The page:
The location of the injection is between the posterior border of the sternocleidomastoid and the clavicle. The axillary sheath surrounds the axillary vein, axillary artery, and the three cords of the brachial plexus. When the injection takes effect, the muscles and skin innervated by the cords found in the sheath are anesthetized. [12]

Read more here


Other Information[edit | edit source]

Some mnemonics for remembering the branches:

  • Posterior Cord Branches
    • STAR - subscapular (upper and lower), thoracodorsal, axillary, radial
    • ULTRA - upper subscapular, lower subscapular, thoracodorsal, radial, axillary
  • Lateral Cord Branches
    • LLM "Lucy Loves Me" - the lateral pectoral, lateral root of the median nerve, musculocutaneous
  • Medial Cord Branches
    • MMMUM "Most Medical Men Use Morphine" - medial pectoral, medial cutaneous nerve of arm, medial cutaneous nerve of forearm, ulnar, the medial root of the median nerve

Resources[edit | edit source]

Journal of Brachial Plexus and Peripheral Nerve Injury

Presentations[edit | edit source]
Learn the Brachial Plexus in Five Minutes or Less

This is a great little presentation to teach you the brachial plexus through simplified drawing.

Have a go!
Brachial Plexus Block and Translational Manipulation for Adhesive Capsulitis

Created by Tom Denninger & Ben Hando as part of the Evidence in Motion, OMPT Fellowship, 2011

View the presentation

Case Studies[edit | edit source]

Dahlin LB, Blackman C, Duppe H, Saito H, Chemnitz A, Abul-Kasim K, Maly P. Compression of the lower trunk of the brachial plexus by a cervical rib in two adolescent girls: case reports and surgical treatment. J Brachial Plex Peripher Nerve Inj. 2009;4(14).] - FREE FULL TEXT

Saliba S, Saliba EN, Pugh KF, Chhabra A, Diduch D. Rehabilitation considerations of a brachial plexus injury with complete avulsion of C5 and C6 nerve roots in a college football player: A Case Study. Sports Health. 2009:1(5): 370-375. - FREE FULL TEXT

References[edit | edit source]

  1. 1.0 1.1 | 3D Human Anatomy | Primal Pictures [Internet]. 2018 [cited 22 July 2019]. Available from:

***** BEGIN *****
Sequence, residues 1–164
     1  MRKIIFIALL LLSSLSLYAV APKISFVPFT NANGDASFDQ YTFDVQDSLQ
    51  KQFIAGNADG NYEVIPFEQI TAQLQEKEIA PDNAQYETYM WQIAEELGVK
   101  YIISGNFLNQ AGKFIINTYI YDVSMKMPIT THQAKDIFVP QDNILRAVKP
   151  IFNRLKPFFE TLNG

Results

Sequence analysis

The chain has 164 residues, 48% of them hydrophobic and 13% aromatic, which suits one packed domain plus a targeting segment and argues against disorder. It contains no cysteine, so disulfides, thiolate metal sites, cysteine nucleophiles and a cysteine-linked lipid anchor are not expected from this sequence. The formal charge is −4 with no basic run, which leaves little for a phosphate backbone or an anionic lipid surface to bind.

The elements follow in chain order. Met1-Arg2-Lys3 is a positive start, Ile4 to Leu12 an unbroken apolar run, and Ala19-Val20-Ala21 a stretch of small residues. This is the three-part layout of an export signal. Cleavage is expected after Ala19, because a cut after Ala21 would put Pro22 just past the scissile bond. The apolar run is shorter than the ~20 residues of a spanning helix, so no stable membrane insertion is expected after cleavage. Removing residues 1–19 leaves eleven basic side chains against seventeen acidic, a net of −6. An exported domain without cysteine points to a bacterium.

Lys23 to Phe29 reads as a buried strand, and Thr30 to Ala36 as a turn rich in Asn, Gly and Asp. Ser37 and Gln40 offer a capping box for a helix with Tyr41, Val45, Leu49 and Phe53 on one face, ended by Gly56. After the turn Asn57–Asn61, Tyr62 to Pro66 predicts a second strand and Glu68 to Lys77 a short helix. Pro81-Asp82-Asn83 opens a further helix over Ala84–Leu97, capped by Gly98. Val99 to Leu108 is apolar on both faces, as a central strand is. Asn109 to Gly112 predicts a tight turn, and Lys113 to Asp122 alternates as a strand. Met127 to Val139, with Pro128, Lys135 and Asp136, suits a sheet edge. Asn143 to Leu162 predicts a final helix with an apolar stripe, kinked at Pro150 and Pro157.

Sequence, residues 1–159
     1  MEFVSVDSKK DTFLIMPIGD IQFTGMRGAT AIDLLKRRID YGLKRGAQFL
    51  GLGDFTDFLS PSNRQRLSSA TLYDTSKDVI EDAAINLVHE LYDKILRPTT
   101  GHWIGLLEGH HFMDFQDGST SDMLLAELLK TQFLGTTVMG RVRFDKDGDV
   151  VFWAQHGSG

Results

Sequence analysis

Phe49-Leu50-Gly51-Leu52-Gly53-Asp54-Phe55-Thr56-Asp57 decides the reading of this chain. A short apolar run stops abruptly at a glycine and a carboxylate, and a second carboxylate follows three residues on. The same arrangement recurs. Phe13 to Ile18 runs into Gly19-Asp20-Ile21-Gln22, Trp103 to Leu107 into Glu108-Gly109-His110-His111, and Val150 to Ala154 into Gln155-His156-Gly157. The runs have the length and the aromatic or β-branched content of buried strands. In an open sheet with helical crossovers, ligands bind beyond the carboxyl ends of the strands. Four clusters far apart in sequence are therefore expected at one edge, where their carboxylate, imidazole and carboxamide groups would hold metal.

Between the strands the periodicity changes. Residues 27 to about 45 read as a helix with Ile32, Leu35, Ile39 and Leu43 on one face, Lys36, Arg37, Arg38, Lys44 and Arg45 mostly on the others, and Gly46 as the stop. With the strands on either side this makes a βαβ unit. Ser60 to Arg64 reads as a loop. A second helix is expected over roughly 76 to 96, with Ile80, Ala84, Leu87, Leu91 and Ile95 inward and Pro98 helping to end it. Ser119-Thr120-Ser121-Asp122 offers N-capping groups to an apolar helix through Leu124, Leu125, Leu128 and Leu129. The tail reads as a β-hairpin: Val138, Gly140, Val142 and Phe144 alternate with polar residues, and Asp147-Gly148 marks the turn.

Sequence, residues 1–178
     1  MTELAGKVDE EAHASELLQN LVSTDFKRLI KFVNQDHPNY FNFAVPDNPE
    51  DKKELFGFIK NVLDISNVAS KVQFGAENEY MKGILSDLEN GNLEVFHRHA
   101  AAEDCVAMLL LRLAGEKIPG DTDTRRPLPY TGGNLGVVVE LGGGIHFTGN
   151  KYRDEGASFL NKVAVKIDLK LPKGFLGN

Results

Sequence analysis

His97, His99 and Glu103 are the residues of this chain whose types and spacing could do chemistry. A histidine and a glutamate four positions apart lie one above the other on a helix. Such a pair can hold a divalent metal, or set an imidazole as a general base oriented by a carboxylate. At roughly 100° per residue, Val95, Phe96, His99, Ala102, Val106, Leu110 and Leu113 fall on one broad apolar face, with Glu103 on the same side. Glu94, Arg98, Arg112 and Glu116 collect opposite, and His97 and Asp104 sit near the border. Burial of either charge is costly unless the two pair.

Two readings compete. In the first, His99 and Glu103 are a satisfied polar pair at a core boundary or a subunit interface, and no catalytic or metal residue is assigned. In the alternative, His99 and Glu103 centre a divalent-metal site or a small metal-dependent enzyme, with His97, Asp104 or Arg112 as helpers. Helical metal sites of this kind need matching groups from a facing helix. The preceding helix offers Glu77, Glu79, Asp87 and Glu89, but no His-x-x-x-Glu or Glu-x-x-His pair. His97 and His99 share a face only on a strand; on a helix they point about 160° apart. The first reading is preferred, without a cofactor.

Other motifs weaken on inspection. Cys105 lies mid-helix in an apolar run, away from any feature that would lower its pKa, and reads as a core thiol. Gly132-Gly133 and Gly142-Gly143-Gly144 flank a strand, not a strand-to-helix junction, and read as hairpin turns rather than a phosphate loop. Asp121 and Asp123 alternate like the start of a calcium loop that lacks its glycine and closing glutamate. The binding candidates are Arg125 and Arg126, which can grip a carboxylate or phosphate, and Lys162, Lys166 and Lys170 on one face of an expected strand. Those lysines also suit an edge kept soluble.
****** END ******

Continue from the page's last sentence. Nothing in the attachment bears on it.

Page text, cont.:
2. Hoppenfeld S. Physical Examination of the Spine and Extremities. CTI Reviews 2014.
  3. 3.0 3.1 3.2 3.3 3.4 Dutton M. Orthopaedic Examination, Evaluation and Intervention. 2nd Ed. New York: McGraw-Hill, 2008.
  4. 4.0 4.1 4.2 4.3 4.4 SlideShare, LinkedIn Corporation. Brachial Plexus:Anatomy and localisation of lesion. (accessed 9 Apr 2017)
  5. 5.0 5.1 5.2 Coene LN. Mechanisms of brachial plexus lesions. Clinical Neurology and Neurosurgery. 1993;95:24-29.
  6. Joyner B, Soto MA, Henry M. Adam. Brachial Plexus Injury. Pediatrics in Review. 2006;27:238
  7. 7.0 7.1 7.2 Smania N, Berto G, La Marchina E, Melotti C, Midiri A, Roncari L et al. Rehabilitation of brachial plexus injuries in adults and children. European Journal of Physical and Rehabilitation Medicine 2012; 48:483-506
  8. 8.0 8.1 Tabitha A. Washington, Khalilah M. Brown, Gilbert J. Fanciullo. Pain. Oxford University Press, 2012
  9. Higashihara M, Sonoo M. Electrodiagnosis in plexopathies; an update. Rinsho Shinkeigaku. 2012;52(11):1243-5.
  10. 10.0 10.1 10.2 10.3 Sakellariou VI, Badilas NK, Stavropoulos NA, Mazis G, Kotoulas HK, Kyriakopoulos S, et al. Treatment options for brachial plexus injuries. ISRN Orthop. 2014:314137. doi: 10.1155/2014/314137.
  11. Dahlin LB, Andersson G, Backman C, Svensson H, Björkman A. Rehabilitation, Using Guided Cerebral Plasticity, of a Brachial Plexus Injury Treated with Intercostal and Phrenic Nerve Transfers. Front Neurol. 2017; 8: 72
  12. 12.0 12.1 Moore KL, Dalley AF. Clinically Oriented Anatomy, 5th ed. Philadelphia: Lippincott Williams and Wilkins, 2005.
  13. vidRASCI.Regional Anesthesia Study Center of Iowa. Ultrasound guided interscalene brachial plexus block . Available from:[last accessed 08/02/13]